The country/western two-step, often called the "Texas two-step"or simply the "two-step," is a country/western dance usually danced to country music in common time. "Traditional [Texas] two-step developed, my theory goes, because it is suited to fiddle and guitar music played two-four time with a firm beat [found in country music]. One-two, one-two, slide-shuffle." The two-step is related to the polka, the Texas waltz, and the jitterbug.
The Texas two-step is the same step known to ballroom dancers as the international fox-trot. Except for the one-step, which is just that, most Texas dances are variations of a two-step, also called a half-step, which is simply a step-close-step. The Texas two-step is generally done with two long steps and a step-close-step to two-four time. Speeded up, it's a shuffle or double shuffle, but still a two-step.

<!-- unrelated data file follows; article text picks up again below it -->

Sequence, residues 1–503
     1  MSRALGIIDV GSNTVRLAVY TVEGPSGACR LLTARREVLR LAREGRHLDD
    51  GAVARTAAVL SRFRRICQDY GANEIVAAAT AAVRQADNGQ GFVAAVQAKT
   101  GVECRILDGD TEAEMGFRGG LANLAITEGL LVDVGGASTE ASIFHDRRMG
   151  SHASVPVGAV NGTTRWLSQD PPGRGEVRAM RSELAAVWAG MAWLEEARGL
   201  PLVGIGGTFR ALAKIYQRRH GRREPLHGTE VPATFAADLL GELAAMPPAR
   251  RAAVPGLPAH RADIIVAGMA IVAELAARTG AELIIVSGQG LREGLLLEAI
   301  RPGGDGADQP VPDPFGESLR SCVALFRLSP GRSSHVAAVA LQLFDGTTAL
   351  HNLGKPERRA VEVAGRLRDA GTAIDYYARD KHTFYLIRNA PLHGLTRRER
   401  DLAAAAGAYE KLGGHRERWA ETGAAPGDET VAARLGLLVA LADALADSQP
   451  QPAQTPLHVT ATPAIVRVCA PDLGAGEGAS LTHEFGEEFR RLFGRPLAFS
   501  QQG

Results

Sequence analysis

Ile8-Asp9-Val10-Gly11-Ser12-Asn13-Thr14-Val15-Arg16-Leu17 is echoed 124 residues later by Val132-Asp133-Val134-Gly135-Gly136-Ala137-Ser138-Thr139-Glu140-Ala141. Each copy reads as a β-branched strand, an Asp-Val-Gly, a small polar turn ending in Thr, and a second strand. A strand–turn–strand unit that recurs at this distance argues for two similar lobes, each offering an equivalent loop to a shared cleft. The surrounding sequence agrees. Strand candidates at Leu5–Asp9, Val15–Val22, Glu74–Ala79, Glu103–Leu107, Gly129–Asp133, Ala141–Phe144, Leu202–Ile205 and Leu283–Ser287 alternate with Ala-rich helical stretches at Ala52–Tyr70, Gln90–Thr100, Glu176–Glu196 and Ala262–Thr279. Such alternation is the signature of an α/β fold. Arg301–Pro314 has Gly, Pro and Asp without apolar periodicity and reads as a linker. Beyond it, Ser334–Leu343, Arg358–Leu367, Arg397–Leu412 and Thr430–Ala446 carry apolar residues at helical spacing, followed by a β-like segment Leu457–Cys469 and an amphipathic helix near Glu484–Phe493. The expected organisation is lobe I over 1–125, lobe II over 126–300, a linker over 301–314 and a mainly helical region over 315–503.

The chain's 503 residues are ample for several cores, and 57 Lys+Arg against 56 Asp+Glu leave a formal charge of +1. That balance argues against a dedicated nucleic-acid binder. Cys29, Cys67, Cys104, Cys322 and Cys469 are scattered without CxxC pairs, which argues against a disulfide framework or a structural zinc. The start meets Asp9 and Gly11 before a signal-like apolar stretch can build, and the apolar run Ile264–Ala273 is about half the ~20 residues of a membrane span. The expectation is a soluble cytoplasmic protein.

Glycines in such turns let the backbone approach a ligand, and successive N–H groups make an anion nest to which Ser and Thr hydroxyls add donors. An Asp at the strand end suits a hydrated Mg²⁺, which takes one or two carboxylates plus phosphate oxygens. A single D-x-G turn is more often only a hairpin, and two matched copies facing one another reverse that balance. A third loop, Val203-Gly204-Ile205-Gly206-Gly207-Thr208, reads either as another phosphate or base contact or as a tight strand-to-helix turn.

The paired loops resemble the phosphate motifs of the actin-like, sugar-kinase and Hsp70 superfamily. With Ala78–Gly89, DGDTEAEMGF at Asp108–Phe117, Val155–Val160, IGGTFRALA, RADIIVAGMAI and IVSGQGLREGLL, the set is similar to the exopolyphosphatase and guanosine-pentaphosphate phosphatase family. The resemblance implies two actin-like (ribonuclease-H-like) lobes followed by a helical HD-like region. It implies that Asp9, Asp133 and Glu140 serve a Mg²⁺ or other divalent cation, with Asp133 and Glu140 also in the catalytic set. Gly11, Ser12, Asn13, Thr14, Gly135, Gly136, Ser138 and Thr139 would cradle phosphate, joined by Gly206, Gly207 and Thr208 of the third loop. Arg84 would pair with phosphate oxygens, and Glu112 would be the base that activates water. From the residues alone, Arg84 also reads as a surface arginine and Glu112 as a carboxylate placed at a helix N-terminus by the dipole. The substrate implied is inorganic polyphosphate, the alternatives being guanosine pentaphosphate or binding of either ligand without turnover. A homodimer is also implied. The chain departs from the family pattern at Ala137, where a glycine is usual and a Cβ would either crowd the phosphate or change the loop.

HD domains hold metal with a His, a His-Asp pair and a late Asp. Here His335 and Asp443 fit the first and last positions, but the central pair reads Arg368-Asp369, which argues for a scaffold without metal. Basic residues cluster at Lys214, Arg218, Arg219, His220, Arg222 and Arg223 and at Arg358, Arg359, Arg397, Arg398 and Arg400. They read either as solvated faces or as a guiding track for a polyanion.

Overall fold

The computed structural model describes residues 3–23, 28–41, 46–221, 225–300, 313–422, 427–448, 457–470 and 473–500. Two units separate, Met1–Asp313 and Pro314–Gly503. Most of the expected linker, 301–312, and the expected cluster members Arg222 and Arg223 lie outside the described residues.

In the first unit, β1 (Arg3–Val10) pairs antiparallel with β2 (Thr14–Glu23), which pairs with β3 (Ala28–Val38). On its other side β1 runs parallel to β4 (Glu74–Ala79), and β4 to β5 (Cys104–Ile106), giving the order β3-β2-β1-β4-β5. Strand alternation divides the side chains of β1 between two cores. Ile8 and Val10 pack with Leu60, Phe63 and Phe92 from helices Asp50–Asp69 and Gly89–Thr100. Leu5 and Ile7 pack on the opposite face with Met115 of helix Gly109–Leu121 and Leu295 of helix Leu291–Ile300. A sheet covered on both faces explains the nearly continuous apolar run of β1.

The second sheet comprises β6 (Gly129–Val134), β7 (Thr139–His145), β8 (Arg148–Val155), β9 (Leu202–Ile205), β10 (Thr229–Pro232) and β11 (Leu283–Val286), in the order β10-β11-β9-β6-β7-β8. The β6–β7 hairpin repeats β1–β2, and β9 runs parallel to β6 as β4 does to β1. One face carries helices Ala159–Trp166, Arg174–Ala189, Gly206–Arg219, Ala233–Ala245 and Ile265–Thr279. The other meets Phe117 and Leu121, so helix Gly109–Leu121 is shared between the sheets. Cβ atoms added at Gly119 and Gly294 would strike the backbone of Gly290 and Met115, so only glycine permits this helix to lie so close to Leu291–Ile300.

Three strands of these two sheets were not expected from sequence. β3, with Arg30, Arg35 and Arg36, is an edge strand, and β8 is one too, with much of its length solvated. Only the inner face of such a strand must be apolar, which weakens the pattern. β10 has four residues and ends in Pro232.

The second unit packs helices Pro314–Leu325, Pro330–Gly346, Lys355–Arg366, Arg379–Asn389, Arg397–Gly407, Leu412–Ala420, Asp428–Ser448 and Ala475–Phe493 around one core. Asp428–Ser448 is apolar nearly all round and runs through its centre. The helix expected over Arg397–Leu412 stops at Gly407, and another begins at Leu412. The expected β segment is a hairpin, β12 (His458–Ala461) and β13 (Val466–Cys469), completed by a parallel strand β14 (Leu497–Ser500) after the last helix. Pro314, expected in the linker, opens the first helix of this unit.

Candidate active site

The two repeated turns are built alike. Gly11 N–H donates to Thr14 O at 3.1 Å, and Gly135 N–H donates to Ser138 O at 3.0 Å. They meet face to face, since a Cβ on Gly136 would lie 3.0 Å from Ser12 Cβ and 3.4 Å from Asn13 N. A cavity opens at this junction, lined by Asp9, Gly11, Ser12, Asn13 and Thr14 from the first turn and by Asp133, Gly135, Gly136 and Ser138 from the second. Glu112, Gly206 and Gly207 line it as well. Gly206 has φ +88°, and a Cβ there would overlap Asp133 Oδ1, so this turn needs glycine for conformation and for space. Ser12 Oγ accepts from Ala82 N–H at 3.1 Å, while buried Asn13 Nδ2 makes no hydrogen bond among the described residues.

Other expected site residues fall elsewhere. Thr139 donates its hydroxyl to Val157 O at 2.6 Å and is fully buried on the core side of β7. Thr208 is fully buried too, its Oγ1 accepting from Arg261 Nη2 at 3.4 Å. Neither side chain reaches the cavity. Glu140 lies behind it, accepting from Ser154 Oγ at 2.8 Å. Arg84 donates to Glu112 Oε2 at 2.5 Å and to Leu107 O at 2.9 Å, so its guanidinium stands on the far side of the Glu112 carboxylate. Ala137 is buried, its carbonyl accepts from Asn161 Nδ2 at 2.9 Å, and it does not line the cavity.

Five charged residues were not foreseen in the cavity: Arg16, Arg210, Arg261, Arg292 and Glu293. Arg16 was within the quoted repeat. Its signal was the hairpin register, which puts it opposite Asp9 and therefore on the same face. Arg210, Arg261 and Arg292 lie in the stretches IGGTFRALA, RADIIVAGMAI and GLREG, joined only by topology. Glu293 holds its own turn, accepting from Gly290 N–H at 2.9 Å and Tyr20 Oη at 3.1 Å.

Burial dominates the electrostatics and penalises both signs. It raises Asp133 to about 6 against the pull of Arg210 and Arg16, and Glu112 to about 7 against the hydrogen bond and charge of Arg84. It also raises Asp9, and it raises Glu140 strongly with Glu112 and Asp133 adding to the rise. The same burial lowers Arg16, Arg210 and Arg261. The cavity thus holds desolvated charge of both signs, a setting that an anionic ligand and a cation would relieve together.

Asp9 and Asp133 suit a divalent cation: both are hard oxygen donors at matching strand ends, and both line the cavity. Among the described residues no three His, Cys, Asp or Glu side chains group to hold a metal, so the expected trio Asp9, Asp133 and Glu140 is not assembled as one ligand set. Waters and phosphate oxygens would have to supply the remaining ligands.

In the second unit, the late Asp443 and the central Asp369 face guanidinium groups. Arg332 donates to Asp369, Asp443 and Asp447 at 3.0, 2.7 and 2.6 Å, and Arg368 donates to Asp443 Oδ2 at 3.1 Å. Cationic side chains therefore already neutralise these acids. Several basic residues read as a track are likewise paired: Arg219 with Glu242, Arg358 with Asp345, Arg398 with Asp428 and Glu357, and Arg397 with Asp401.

As with other country/western dances, there are many different versions of two step across the United States, and there may be no one truly "correct" way to perform a particular dance. Even individual dance halls may have their own unique variations which they consider correct.